Social media has become the buzz-phrase of the marketing world; the must-have solution to all marketing challenges. It’s cheap, fast and has reached near saturation in some age groups.
But leveraging social media marketing – the art and science of getting your message out using this online ecosystem – isn’t as easy as setting up a Facebook page. The ability to shape opinions of prospective students, current students, and alumni in this online world is largely determined by the social authority that your message carries. In other words, successful social media marketing campaigns depend on the trust the market places inyour messenger.
This should come as no surprise. It’s the same trust process we media clic, as admissions professionals, use when we visit high schools, engage college counselors and have alumni-sponsored events in distant cities. The differences are simply the delivery channel and the types of trusted sources. For social media, the delivery channel is web-based (via a social media site) and the trusted sources tend to be students and peers, rather than adult authority figures.
In this playbook we outline how colleges can leverage their existing resources to build an effective social media marketing strategy. We will also give some guidance on “do’s” and “don’ts” for insuring that your message is heard, while also enhancing your brand identity.
Why should you care?
So why should college admissions officers care about all of this social media business? Because your prospects care – a lot!
According to a recent EDUCAUSE study, social media use has reached near saturation levels, with 95 percent of 18 to 19-year-old college students using social media sites regularly. Facebook still leads the way with 80 percent of 18-24 year-olds checking in several times a day. Social media touches virtually every facet of these students’ lives. It has become the primary way that today’s students stay in touch with each other and the world. It is where their attention is focused and where they first look for information, including details about colleges.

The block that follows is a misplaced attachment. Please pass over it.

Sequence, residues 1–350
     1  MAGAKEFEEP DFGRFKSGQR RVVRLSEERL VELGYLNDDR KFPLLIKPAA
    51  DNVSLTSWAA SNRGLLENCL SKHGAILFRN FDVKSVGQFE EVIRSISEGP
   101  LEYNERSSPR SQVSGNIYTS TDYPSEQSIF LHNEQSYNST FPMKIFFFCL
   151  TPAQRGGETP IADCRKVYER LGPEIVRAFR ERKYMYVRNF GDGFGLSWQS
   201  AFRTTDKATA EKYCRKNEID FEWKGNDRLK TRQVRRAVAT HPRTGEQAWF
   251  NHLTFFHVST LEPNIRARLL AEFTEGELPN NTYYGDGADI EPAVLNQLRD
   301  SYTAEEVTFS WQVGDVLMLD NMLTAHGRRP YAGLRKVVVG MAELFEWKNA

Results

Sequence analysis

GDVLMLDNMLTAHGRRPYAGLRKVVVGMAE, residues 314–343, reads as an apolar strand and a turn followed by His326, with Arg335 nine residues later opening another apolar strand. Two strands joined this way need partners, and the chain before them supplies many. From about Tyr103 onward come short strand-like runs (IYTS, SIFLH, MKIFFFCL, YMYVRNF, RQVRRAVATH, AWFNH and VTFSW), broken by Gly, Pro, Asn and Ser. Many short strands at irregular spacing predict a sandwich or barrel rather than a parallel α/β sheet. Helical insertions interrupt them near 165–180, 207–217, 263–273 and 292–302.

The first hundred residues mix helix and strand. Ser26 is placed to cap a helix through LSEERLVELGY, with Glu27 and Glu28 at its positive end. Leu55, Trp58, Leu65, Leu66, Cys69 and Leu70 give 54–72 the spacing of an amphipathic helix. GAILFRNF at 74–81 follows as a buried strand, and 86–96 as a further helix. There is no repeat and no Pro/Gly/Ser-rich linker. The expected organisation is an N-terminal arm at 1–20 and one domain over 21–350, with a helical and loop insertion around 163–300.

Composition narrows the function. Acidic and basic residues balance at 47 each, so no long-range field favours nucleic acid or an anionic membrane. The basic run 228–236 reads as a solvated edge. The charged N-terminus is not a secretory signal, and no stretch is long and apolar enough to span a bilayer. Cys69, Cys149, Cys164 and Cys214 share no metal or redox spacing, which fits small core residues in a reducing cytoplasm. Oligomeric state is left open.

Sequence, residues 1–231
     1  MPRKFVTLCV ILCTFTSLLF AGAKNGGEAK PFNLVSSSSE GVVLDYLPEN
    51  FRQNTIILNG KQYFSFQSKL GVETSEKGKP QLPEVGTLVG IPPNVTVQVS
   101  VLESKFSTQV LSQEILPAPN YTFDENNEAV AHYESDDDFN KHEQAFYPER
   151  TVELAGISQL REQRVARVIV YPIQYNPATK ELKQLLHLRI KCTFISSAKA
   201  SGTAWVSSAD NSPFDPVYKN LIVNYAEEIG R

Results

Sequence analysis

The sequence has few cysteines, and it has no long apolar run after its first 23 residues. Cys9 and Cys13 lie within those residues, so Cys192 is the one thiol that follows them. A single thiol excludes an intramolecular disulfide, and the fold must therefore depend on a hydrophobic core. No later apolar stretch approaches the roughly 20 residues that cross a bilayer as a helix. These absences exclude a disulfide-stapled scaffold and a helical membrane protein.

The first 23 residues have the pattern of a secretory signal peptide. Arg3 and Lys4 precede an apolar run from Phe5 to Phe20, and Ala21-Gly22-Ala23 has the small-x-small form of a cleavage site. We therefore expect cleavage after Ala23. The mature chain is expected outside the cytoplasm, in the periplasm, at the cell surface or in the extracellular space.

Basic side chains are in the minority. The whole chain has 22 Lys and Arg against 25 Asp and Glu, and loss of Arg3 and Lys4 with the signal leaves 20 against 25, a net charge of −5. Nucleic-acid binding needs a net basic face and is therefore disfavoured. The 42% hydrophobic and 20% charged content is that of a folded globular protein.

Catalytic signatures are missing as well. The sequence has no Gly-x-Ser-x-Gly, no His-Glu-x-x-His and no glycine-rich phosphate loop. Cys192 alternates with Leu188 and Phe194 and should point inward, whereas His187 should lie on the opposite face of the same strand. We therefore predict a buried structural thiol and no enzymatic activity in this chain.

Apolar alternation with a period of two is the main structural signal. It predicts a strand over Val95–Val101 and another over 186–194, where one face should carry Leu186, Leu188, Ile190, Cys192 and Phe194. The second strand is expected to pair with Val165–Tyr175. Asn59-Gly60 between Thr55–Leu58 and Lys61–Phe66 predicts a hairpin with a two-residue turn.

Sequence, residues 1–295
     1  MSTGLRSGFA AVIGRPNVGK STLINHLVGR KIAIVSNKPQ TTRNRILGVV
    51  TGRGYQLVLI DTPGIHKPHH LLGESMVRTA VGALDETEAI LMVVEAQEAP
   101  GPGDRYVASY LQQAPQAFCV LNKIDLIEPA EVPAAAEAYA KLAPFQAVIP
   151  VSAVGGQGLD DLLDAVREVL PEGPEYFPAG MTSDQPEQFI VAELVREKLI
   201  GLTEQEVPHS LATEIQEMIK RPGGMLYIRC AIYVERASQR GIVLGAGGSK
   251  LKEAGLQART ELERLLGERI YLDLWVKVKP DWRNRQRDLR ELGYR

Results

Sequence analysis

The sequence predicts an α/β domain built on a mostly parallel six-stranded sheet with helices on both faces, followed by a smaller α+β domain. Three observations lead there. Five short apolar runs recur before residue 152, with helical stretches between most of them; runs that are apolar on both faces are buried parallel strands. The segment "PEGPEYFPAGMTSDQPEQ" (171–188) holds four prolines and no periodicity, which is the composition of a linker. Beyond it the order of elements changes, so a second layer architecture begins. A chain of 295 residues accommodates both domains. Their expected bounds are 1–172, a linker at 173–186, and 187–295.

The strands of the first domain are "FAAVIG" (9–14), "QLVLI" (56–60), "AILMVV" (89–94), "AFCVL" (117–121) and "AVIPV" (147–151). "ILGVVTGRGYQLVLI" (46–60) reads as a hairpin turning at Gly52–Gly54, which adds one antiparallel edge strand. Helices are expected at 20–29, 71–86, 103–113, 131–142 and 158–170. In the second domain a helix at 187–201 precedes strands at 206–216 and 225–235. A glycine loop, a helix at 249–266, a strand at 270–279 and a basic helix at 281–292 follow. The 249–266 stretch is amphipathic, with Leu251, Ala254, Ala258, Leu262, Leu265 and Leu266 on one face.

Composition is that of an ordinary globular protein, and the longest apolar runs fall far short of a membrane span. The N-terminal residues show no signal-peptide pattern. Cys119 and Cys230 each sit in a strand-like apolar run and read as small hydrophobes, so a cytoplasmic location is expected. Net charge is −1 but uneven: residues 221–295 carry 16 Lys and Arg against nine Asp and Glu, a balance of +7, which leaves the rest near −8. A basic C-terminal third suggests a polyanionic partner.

These trends have a direct impact on college admissions because high school students are increasingly turning to social media, rather than a college website, as they begin looking for a school. Today’s college searches begin on sites such as collegeprowler.com or Facebook (with enhancements such as Campus Buddy). Mash-up sites with titles like “Ten ways to use social media to pick a college” are the new equivalent of the college section at the local bookstore.
In a recent study by Noel Levitz, 74 percent of college-bound high school seniors said they think colleges should have a presence on social media sites. Eighty-one percent of these students admitted that they rely on official and unofficial online content about colleges during their search process.
Yet, despite this obvious shift to social media content, college marketers have failed to keep up. The study also showed that only 26 percent of private four-year institutions were intentionally using social media resources in their marketing efforts.
Marketing must reach its target audience to make a difference. To be heard you need to meet your prospects on their turf. Social media is the foundation and future of modern college recruitment and marketing precisely because it is their turf. The ultimate goal is to have your messages picked-up by the marketplace and passed on spontaneously – and often exponentially – by trusted sources. You want your message to go viral! (“Going Viral” refers to when an image, video or link spreads rapidly through a population by being frequently shared with a number of individuals; social media makes this sharing easy to do.)
So now, a little background.
3 Parts of Social Media
From the earliest days of the Internet, folks have looked to online communities as a source of trusted peer-based information. It started with the original dial-up systems of the 1970s – remember “moderators”? – and then evolved into web-based communities in the 1980s and 1990s that were packed with “collaborative filtering” websites. Although the tools and technology to engage in online conversations have certainly evolved, the underlying process is much the same as it was 30 years ago. Similarly, its effectiveness and ability to shape opinion are still based on the credibility of the people who serve as online key opinion leaders (KOLs).
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